Bush Honors Fallen Police Officers

Each year, the names of the nation's police officers killed in the line of duty are inscribed on the gray marble of the National Law Enforcement Officers Memorial in Washington. The list for 2001 is the longest ever.

Because of the Sept. 11 attack on the World Trade Center, 233 officers were killed last year, including 72 who responded to the attack. President Bush called it the saddest day in the history of law enforcement.

"We call all those we honor today — those who lost their life on 9/11 and those who lost their lives before and after 9/11 — heroes, because they are heroes," Bush told thousands of officers attending a U.S. Capitol ceremony. "Their families are proud of them, and always will be, yet there's not a husband or wife here today or a parent or a child who would not trade the honor to have them back."

Bush said Sept. 11 was a day of great horror and great heroism. He took with him to the ceremony the shield of Port Authority police officer George Howard, given to him by Howard's mother. Howard was one of 37 port authority officers who died Sept. 11. Bush said each of the nation's 700,000 sworn officers accept great responsibilities and great risk every day.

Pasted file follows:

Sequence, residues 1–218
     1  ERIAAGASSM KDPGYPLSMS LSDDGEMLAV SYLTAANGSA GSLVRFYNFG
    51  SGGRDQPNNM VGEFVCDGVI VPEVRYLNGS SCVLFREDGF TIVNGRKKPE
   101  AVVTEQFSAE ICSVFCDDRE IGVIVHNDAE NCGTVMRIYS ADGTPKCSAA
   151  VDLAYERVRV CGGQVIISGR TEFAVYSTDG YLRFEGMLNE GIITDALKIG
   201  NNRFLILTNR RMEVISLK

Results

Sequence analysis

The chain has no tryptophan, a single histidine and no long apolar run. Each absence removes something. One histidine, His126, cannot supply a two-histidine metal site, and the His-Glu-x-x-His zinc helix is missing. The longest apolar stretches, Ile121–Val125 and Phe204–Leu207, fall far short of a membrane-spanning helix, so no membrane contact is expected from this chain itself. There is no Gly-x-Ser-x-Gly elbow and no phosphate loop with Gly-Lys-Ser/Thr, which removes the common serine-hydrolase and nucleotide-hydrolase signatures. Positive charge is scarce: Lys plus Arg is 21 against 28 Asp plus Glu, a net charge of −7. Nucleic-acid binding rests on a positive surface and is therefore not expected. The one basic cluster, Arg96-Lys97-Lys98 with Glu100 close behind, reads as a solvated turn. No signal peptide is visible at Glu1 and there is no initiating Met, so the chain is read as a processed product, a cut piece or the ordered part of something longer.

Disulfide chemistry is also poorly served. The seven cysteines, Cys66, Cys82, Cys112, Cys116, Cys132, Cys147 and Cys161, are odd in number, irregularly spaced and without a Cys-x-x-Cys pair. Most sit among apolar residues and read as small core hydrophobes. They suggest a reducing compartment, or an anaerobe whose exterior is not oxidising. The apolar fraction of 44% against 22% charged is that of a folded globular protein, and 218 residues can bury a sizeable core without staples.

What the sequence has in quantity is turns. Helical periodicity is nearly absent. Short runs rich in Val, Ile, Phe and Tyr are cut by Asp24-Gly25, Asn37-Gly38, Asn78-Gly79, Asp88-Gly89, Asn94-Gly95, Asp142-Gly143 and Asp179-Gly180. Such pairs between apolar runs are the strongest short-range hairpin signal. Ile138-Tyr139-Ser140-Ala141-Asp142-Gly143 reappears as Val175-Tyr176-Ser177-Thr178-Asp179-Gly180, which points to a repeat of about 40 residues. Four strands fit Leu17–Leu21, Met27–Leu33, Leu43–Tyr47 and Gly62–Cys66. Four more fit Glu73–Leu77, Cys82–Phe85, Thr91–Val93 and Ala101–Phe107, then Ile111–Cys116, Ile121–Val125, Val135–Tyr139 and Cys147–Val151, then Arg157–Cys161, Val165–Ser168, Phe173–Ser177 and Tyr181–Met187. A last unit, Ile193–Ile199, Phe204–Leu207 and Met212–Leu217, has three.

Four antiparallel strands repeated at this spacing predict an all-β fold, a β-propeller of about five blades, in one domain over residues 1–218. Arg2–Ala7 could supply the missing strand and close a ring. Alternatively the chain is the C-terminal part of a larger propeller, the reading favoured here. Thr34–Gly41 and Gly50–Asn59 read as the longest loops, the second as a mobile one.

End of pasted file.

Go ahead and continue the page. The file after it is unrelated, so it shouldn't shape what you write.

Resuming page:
"Even in the most routine moments on watch or patrol, you protect us. Even on the quietest day, the next call may send you into extremes of danger. America is grateful. You just need to know, America is grateful."

After he spoke, Bush stood for a few moments before a memorial wreath.

Fox News' Wendell Goler and the Associated Press contributed to this report.